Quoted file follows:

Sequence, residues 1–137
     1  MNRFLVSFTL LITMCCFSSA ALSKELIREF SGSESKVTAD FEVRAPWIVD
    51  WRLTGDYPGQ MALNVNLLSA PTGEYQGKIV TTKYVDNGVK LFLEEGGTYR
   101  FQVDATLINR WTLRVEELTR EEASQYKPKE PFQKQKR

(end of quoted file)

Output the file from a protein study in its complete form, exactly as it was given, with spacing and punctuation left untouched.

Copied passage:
Sequence, residues 1–137
     1  MNRFLVSFTL LITMCCFSSA ALSKELIREF SGSESKVTAD FEVRAPWIVD
    51  WRLTGDYPGQ MALNVNLLSA PTGEYQGKIV TTKYVDNGVK LFLEEGGTYR
   101  FQVDATLINR WTLRVEELTR EEASQYKPKE PFQKQKR